A few weeks ago we looked at the draught breeds native to the UK & Ireland. Today we are looking at some of our other native horse breeds, from racehorse to carriage horse. Unfortunately a few of these breeds are now at risk of extinction.
The fastest horses in the world.
- Height: 15-17 hands
- Coat Colours: Solid colours. Bay, brown, black, chestnut & grey.
- Temperament: Smart, trainable & responsive.
The English Thoroughbred first appeared in 17th-century England. The rich wanted a horse breed with exceptional speed and stamina, specifically for horse racing purposes. Three foundation Arabian stallions were imported to improve native mares, producing horses with swiftness, agility, and a competitive spirit.
Throughout the 18th and 19th centuries, the Thoroughbred dominated the racing world. Horses of this breed achieved legendary status, winning prestigious races such as the Epsom Derby, St. Leger Stakes, and the Royal Ascot. The breed was exported to various parts of the world, including North America, Australia, and India, where it had a significant impact on the development of racing and breeding programs in those countries.
Today, the Thoroughbred remains the top breed for horse racing worldwide. Their influence extends beyond the racetrack, with Thoroughbreds making their mark in disciplines such as show jumping, eventing, and dressage. The breed is celebrated for its elegance, athleticism, and competitive spirit, due to centuries of selective breeding and racing heritage. The English Thoroughbred stands as a testament to the passion, skill, and dedication of breeders, trainers, and jockeys who have contributed to its incredible history.
The classic carriage horse.
- Height: 14.2-16.2 hands
- Coat Colours: Solid colours. Bay, black & chestnut.
- Temperament: Friendly, docile, trainable.
The Hackney horse, known for its elegance, high-stepping action, and impressive carriage abilities, dates back to 18th-century England. The breed’s development began in the East Anglian region, where they crossed thoroughbreds with the Norfolk Trotter, aiming to produce a horse suitable for various driving purposes.
By the mid-19th century, the Hackney had become a sought-after breed for carriage driving. Its showy trot, animated movement, and refined appearance made it a favorite among fashionable carriage drivers, as well as a symbol of status and prestige. Hackneys were known for their ability to pull carriages at impressive speeds while maintaining an elegant and controlled demeanor. Although cars became more popular, Hackneys became less popular.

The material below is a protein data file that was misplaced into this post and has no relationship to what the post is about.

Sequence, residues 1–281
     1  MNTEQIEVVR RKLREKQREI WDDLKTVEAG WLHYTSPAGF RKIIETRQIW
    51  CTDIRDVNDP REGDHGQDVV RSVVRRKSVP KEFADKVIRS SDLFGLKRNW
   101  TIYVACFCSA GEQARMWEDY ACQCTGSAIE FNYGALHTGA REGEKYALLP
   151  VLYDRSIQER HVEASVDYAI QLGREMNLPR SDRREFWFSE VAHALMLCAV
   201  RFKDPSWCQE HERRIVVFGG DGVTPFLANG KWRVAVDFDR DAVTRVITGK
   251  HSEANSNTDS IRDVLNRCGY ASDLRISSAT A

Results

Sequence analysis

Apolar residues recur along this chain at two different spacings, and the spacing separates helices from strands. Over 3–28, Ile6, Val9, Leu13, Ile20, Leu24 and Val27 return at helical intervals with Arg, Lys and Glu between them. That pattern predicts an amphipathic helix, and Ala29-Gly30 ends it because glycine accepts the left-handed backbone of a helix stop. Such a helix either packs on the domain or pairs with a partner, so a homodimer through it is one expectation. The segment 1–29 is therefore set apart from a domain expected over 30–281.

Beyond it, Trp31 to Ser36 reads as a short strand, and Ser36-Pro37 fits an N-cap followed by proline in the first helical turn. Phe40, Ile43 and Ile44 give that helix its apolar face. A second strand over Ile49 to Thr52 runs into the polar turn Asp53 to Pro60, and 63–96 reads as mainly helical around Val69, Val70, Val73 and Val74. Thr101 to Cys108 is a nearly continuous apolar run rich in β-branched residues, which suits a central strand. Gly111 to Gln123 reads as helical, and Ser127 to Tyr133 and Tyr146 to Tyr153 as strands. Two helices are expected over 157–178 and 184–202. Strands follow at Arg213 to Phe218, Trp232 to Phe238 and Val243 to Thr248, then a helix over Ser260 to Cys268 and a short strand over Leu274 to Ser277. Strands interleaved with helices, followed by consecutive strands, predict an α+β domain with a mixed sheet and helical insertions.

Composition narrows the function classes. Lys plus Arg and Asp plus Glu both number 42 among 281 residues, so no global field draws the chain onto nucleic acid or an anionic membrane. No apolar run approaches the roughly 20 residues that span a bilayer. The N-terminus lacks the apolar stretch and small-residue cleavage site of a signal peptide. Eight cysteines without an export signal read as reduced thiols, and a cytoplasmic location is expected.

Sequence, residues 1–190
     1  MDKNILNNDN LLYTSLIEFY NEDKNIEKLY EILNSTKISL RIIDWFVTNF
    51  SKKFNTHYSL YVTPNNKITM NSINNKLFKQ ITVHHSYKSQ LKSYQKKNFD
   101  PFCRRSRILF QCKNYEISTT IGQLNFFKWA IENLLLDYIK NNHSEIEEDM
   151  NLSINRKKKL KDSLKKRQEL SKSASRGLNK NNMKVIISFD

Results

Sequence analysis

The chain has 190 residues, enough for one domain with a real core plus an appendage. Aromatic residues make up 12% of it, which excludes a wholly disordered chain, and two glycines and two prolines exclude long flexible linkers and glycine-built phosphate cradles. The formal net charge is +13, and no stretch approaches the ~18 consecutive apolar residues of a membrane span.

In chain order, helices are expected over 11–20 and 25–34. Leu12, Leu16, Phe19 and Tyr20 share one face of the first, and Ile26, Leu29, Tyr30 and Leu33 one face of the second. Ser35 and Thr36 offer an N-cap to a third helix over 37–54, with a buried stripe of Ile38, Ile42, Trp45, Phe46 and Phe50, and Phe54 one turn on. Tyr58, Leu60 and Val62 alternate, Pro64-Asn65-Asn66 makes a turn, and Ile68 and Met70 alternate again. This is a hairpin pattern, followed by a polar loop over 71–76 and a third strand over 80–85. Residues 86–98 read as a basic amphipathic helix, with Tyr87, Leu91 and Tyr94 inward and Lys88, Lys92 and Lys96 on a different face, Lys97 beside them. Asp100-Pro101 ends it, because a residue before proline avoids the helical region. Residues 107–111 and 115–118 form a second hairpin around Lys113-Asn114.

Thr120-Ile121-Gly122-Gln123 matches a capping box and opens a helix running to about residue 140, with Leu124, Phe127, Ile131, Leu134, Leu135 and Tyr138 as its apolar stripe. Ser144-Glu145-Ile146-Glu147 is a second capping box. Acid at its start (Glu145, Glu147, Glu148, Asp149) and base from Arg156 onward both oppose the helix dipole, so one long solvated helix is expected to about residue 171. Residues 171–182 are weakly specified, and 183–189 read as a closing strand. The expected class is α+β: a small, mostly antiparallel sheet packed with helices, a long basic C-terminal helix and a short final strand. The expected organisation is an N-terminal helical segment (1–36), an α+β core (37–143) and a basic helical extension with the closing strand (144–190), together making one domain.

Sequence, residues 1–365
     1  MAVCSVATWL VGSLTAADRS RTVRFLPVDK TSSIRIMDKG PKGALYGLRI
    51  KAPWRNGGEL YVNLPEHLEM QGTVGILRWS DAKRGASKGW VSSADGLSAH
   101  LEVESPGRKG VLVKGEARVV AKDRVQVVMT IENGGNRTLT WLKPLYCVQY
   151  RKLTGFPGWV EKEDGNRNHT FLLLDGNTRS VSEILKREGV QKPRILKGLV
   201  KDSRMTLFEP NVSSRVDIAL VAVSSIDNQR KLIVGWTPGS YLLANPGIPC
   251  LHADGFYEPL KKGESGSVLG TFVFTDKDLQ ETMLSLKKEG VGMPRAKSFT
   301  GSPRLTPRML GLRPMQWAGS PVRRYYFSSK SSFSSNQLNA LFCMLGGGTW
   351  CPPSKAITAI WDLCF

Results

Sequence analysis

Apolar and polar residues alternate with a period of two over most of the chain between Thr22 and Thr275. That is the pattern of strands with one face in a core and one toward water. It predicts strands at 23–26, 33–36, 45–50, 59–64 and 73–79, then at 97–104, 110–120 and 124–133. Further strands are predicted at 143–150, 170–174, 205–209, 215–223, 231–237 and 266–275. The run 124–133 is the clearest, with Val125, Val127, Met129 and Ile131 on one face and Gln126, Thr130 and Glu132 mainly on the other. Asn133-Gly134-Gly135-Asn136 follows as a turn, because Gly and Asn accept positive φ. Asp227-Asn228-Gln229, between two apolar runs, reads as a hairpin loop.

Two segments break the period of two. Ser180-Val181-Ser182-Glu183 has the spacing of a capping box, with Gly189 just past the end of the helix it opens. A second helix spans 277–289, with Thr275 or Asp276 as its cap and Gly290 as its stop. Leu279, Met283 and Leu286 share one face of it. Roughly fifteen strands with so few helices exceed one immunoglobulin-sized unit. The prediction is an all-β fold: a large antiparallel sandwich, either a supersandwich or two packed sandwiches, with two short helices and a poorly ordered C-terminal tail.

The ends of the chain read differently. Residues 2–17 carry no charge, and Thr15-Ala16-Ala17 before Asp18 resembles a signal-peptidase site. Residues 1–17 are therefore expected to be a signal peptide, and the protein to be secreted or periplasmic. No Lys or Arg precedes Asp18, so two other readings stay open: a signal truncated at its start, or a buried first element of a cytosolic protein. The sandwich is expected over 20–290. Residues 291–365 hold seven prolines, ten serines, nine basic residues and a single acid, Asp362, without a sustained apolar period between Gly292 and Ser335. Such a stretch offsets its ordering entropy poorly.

Today, the Hackney horse continues to captivate enthusiasts with its striking appearance, animated movement, and versatility in various driving disciplines. However, they are declining and they are on the Rare Breed Societys Watchlist. While the breed’s primary focus remains on carriage driving, Hackneys also excel in the show ring, as pleasure riding horses, and in other equestrian pursuits. The Hackney horse stands as a testament to the history of elegant carriage horses and remains a living testament to the rich heritage of driving horses in England.
Carriage horses for the Royal Family.
- Height: 16-16.2 hands
- Coat Colours: Bay with black legs, mane & tail.
- Temperament: Well mannered, trainable & sensible.
The Cleveland Bay horse is known for its strength, athleticism, and versatility. The breed’s origins can be traced to the Cleveland area of North Yorkshire, England, from which it takes its name. It’s heritage can be traced to a mix of native & imported horses, such as the Chapman horse, Barb and Andalusian. Over time, selective breeding efforts were focused on producing a sturdy, powerful, and versatile horse suitable. It gained popularity among British nobility and landed gentry, becoming favored as a carriage horse due to its elegance, stylish movement, and ability to pull heavy loads.
During the early 20th century, the decline of the need for working horses, meant that the Cleveland Bay population declined in numbers. However, the breed’s survival was largely due to the dedication of breed enthusiasts and organizations, such as the Cleveland Bay Horse Society, established in 1884, which worked diligently to preserve the breed’s heritage and promote its strengths. Queen Elizabeth II also played a huge role in preserving the breed.
Today, the Cleveland Bay horse remains an important part of England’s equine heritage. Although still considered a rare breed, efforts to preserve and promote the Cleveland Bay continue. It is valued for its versatility, excelling in various equestrian disciplines, including dressage, eventing, driving, and hunting. The Cleveland Bay horse stands as a testament to the enduring qualities of strength, elegance, and adaptability that have made it a cherished part of England’s equine history.